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Ben Roethlisberger Looking To Join Exclusive Club In 2021

Ben Roethlisberger pocket

There was a time — a long period of time, really — where Ben Roethlisberger was among the most-sacked quarterbacks in football. Now, he’s one of the least. It’s the #1 reason why he’s still playing at age 39. He shifted from “Backyard Ben” to “Ball-Out–Quick Ben” (I’m still working on the nickname) and has had among the lowest snap-to-throw times the last several seasons.

In 15 games last season, teams sacked Roethlisberger just 13 times, by far his lowest in a season, and a far cry from the days teams dropped him 50+ times a year.

But now Roethlisberger has a chance to join a very exclusive club. If he is sacked 15 or fewer times in 2021, he’ll become one of just five QBs in NFL history to do that in consecutive seasons. Here’s the current list (minimum 400 attempts).

Peyton Manning (2008-2009)
Joey Harrington (2002-2003)
Dan Marino (1987-1990)
Joe Ferguson (1980-1981)

Pretty good company to be part of, though I have no idea how Harrington got on that list. But he’s there, and we’re all reminded of how infrequent defenses got to Marino — he did it four years in a row. An absurd streak.

The Steelers’ offensive line has undergone a massive transformation this offseason. Maurkice Pouncey retired. Alejandro Villanueva remains a free agent. The team brought in B.J. Finney and will surely draft one, and probably two, offensive linemen in this draft. But their mission will be the same. Protect #7.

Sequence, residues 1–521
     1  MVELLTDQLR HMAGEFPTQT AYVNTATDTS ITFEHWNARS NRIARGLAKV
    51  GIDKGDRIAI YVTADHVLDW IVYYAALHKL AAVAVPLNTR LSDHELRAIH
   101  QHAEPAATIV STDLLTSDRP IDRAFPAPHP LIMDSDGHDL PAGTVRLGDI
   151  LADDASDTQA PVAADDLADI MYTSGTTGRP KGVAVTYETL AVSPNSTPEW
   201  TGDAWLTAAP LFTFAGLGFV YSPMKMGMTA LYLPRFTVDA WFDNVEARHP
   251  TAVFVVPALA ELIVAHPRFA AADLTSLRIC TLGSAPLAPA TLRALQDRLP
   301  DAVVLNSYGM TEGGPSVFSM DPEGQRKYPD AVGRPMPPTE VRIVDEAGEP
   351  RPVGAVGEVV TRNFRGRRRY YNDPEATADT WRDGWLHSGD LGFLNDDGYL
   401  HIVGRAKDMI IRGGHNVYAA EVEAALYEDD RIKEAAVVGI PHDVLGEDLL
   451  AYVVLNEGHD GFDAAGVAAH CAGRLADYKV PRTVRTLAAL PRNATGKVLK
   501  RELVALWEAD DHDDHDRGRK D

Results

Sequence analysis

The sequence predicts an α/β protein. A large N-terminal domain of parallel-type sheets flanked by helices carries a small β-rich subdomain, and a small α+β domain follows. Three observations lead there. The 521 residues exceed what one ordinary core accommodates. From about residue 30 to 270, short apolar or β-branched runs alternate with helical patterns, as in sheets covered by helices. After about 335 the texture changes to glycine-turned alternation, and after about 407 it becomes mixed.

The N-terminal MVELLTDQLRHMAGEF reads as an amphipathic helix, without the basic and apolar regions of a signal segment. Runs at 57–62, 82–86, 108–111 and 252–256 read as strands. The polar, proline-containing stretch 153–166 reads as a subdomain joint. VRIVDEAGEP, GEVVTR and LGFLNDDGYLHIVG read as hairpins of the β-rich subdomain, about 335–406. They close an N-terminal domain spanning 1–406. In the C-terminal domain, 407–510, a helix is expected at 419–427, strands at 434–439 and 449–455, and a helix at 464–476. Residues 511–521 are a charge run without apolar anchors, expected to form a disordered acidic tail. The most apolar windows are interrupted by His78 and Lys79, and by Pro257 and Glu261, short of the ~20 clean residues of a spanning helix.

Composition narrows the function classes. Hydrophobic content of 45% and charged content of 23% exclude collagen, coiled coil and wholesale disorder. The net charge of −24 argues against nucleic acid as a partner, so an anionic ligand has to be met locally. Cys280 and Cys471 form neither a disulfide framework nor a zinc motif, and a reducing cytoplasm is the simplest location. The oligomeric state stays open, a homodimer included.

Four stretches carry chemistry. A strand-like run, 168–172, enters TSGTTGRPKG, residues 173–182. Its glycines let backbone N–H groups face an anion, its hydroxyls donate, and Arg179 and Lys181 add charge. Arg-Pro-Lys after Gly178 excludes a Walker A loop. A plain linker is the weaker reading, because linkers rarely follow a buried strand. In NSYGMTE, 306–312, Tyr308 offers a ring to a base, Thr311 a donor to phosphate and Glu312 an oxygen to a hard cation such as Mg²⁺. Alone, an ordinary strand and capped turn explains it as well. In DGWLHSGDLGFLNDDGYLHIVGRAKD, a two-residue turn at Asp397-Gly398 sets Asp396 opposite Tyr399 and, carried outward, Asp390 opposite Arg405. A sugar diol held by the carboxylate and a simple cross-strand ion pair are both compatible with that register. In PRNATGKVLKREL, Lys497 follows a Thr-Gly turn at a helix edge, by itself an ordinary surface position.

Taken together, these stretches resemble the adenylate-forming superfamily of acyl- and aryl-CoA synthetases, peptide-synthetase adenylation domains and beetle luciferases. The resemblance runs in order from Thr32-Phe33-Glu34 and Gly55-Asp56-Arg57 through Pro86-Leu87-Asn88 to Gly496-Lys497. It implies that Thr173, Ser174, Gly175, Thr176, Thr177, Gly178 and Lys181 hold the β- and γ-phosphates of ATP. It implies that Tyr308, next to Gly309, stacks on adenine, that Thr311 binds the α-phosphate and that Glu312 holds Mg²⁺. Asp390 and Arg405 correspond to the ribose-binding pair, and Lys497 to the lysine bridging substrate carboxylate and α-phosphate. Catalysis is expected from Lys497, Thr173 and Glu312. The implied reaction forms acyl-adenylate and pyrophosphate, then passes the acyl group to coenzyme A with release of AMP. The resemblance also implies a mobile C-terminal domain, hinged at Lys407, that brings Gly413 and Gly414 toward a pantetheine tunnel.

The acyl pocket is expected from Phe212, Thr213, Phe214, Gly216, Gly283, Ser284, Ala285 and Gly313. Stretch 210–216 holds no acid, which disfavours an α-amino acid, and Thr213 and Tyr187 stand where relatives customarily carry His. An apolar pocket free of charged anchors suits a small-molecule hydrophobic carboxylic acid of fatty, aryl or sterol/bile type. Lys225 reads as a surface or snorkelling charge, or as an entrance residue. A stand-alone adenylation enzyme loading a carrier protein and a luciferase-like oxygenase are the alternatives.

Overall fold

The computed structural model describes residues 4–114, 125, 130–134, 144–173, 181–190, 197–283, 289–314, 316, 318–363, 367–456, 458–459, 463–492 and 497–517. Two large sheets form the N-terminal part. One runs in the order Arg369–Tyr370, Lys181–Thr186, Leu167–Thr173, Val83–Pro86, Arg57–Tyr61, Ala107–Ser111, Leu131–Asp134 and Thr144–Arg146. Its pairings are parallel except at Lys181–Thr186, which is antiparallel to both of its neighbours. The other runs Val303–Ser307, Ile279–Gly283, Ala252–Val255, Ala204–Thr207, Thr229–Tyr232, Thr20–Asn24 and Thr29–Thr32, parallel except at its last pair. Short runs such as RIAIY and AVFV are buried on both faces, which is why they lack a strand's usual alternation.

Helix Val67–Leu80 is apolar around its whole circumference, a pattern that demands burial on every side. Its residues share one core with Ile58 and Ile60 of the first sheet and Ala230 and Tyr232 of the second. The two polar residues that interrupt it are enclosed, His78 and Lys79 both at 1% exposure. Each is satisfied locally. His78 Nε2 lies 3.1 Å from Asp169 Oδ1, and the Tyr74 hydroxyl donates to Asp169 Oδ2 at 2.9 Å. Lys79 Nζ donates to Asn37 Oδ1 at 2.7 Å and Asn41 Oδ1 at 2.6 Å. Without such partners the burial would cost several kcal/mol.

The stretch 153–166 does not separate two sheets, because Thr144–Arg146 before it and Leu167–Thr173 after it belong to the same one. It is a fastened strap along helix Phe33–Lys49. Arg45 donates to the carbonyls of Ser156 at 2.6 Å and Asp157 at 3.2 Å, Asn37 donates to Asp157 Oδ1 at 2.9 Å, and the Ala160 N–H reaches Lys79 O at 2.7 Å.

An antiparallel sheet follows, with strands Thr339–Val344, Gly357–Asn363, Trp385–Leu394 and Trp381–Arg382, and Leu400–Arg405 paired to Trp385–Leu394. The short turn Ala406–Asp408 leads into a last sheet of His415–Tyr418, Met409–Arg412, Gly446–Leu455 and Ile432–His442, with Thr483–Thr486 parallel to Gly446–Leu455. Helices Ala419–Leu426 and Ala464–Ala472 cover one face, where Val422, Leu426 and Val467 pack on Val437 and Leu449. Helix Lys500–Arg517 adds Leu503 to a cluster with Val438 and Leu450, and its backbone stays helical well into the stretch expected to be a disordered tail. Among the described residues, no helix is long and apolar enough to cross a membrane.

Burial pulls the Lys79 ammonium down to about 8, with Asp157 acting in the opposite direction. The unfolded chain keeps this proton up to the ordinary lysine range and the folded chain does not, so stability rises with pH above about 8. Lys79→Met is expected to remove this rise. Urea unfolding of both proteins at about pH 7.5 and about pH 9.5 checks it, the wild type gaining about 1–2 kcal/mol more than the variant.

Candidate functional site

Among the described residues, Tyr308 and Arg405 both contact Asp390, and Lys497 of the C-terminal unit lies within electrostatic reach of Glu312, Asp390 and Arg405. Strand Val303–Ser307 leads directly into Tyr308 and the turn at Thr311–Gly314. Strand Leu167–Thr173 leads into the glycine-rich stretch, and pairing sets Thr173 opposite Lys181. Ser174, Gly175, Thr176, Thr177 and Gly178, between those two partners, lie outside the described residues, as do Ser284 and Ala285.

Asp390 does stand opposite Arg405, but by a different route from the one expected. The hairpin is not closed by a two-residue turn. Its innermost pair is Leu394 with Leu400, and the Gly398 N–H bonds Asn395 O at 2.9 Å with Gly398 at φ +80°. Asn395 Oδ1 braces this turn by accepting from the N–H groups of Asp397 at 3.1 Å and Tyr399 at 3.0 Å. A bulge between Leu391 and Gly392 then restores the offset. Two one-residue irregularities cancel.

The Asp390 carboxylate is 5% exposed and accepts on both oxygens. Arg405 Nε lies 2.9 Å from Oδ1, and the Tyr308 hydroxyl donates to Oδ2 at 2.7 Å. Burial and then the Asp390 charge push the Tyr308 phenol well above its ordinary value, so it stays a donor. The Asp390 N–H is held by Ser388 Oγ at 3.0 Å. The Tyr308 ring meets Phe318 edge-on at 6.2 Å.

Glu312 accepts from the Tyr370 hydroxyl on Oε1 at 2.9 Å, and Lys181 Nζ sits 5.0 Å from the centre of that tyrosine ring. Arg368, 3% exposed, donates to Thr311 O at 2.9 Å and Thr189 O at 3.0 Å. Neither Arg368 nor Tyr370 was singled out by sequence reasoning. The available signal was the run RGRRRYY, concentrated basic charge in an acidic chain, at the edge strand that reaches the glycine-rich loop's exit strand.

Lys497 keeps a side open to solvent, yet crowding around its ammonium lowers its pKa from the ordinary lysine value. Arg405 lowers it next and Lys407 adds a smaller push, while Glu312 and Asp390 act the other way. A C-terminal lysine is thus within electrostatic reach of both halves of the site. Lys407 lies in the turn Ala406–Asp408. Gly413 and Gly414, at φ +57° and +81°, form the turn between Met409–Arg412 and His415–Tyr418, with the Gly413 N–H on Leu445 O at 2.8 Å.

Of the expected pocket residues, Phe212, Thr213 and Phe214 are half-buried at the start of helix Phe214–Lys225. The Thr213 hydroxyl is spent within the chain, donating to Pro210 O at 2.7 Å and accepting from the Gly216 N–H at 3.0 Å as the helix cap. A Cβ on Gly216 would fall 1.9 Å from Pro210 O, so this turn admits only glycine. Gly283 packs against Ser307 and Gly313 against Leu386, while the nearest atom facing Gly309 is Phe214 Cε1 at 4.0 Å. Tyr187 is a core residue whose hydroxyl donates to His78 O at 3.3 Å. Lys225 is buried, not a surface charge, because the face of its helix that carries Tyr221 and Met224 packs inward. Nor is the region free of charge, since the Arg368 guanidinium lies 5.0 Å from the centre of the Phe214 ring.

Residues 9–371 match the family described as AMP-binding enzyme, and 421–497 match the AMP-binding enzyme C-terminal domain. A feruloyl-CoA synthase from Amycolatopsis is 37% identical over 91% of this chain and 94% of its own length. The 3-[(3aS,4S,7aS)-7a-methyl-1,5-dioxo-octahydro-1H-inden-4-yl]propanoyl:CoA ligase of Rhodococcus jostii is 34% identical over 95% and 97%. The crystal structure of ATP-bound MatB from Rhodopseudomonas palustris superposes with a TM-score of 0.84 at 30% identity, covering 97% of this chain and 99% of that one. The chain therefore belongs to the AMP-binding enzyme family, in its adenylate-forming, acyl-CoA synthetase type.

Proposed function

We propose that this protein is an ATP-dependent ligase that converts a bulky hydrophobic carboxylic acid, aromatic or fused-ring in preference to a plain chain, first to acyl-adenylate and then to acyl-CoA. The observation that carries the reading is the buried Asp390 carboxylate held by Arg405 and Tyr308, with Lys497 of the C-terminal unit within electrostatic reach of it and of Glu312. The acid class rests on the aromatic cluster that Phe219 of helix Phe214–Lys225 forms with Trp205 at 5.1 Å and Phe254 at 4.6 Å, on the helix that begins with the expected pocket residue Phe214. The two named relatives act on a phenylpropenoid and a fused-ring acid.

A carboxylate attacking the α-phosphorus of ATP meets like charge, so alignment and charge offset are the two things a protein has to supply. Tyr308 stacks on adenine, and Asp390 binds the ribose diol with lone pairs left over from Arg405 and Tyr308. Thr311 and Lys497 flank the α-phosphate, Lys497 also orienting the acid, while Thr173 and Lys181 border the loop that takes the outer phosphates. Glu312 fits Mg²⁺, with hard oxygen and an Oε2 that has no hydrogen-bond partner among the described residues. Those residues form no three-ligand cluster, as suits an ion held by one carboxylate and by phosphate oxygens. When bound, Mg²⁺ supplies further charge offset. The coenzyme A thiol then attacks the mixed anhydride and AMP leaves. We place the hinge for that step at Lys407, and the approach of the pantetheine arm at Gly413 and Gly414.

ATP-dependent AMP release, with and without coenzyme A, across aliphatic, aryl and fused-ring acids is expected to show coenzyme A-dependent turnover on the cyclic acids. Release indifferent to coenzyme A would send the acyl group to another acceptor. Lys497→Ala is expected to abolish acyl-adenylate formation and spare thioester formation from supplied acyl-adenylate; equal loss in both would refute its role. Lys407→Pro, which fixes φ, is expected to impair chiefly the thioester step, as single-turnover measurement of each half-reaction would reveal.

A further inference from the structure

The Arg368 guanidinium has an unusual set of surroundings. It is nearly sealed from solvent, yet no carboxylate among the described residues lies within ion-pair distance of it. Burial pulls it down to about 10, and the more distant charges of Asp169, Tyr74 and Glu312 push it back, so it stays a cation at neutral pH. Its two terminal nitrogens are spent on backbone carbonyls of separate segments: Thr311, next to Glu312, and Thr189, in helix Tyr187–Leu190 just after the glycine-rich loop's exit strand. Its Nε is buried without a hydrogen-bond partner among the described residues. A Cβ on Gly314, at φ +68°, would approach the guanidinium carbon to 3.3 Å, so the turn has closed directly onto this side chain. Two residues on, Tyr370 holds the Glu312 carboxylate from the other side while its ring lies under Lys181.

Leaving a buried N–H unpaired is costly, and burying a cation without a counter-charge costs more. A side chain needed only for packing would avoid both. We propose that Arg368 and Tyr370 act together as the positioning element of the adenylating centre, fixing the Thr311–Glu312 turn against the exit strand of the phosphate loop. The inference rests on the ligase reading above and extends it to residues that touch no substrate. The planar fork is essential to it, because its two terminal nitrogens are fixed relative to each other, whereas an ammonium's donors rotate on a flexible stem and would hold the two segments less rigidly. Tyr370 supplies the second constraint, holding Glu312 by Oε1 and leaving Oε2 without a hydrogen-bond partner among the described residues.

Since 2015, Roethlisberger has been sacked, on average, once every 29.7 pass attempts. From 2004 to 2014, he went down once every 11.8 attempts. I don’t know if there’s any QB in history with that kind of stark contrast.

Of course, it’s fair to argue there’s value in Roethlisberger getting sacked a little more often, funny as that is to say.  Roethlisberger’s quick-release has partially limited this offense. The lack of a vertical attack was a missing component last season. More success downfield will probably lead to a couple more sacks. But the trade-off of netting some chunk plays is arguably worth it.

Still, these stats show how much different of a quarterback Roethlisberger is now, versus the beginning of his career. There are lots of people responsible for that change. Todd Haley, Roethlisberger himself, even Randy Fichtner. If it wasn’t for altering his style, Roethlisberger would’ve retired years ago, and now can join an exclusive club as a result of his longevity.

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